Fill Me Up Buttercup


Today’s lesson is on a Big Pharma term that may be new to my readers. “Overfill” is the extra drug quantity, over and above the labeled dose, in FDA-approved containers. This is a standard manufacturer’s practice to ensure that clinicians who administer the drug will always be assured the full labeled dose can be extracted.  It’s a patient quality assurance control, and overfill is NOT included in the vial price.


A recent article by Jonathan Stempel from Reuters explained how a unit of AmerisourceBergen Corp, a large drug wholesaler, agreed to pay a Department of Justice settlement fine of $625 million relating in part to overfill fraud.


The scheme worked when the drug product was removed from the original FDA-approved glass vials. Then the medication was pooled into untested and unapproved plastic containers. Finally, the drug (which included the overfill) was extracted and repackaged into syringes. Over a million unapproved syringes per year were manufactured, and Big Pharma’s profit was overfilled by $100 million.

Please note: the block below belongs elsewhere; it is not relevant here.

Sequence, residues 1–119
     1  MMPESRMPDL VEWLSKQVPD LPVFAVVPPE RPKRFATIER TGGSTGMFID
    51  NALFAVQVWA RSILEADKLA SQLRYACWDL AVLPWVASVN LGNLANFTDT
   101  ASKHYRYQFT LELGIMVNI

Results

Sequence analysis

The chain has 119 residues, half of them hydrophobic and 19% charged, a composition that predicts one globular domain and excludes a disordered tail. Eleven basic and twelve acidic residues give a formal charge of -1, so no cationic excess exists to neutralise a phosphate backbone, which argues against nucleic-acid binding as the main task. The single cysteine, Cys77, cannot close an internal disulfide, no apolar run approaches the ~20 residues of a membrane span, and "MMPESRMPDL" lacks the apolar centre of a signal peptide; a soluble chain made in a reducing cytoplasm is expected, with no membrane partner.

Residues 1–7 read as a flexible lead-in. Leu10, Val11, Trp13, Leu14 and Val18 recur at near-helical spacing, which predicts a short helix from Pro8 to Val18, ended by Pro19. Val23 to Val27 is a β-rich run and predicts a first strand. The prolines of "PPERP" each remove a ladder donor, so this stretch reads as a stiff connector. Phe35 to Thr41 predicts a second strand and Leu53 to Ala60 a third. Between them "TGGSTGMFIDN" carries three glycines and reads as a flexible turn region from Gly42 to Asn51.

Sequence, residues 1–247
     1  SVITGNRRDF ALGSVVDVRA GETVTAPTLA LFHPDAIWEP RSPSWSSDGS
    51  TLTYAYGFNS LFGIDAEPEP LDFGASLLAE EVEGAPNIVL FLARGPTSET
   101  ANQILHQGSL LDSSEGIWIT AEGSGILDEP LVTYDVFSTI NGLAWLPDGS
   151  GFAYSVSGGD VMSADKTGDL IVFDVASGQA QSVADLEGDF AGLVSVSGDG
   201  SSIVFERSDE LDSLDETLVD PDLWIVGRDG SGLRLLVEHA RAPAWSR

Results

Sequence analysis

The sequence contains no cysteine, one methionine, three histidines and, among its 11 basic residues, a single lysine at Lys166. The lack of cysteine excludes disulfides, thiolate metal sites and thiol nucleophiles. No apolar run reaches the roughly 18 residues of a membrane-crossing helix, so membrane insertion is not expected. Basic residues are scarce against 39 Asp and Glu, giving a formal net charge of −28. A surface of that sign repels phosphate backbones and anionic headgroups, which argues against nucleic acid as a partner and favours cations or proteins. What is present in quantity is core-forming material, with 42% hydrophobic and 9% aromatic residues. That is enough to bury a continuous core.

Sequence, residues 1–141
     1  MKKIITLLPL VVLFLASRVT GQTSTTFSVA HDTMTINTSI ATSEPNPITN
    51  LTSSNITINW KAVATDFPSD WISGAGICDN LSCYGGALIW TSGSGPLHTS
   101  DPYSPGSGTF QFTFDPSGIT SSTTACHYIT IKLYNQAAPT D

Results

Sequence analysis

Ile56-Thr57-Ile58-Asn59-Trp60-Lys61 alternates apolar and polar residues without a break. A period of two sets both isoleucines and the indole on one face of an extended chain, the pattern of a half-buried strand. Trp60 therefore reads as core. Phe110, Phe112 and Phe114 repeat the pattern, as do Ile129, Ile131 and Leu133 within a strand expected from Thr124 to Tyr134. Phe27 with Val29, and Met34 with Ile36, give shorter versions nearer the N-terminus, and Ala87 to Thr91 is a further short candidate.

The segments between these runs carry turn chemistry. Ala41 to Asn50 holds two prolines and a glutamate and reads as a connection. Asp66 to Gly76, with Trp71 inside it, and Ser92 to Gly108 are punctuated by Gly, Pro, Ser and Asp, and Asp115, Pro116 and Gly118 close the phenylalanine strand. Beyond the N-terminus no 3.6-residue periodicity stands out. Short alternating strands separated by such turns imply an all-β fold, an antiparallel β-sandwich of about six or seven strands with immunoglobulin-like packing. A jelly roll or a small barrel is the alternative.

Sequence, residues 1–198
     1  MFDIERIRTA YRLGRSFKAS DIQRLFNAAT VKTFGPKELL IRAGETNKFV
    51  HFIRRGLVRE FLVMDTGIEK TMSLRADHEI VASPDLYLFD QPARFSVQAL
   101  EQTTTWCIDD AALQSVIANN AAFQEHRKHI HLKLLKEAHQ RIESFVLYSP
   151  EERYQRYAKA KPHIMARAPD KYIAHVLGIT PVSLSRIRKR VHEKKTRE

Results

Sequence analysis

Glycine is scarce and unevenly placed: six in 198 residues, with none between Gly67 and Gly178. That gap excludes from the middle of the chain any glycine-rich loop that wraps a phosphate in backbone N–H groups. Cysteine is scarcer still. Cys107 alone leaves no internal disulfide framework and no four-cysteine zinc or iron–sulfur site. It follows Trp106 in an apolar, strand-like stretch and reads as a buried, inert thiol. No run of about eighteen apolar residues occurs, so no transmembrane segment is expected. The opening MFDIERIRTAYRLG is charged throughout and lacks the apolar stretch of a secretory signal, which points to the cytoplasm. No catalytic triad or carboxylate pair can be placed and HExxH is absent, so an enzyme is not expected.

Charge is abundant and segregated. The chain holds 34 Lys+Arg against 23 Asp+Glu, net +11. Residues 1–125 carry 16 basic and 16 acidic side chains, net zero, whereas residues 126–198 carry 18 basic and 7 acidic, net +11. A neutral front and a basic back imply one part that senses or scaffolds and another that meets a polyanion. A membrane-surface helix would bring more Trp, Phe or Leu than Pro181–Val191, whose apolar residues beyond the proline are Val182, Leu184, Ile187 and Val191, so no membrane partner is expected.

The FDA did not take kindly to this process, which they believed risked the safety and efficacy of these medications, and placed greed over the protection of vulnerable patients.


Big Pharma never ceases to amaze.

Call us. We can do better.

William Faris, JD
Chief Executive Officer

Posted in OMCA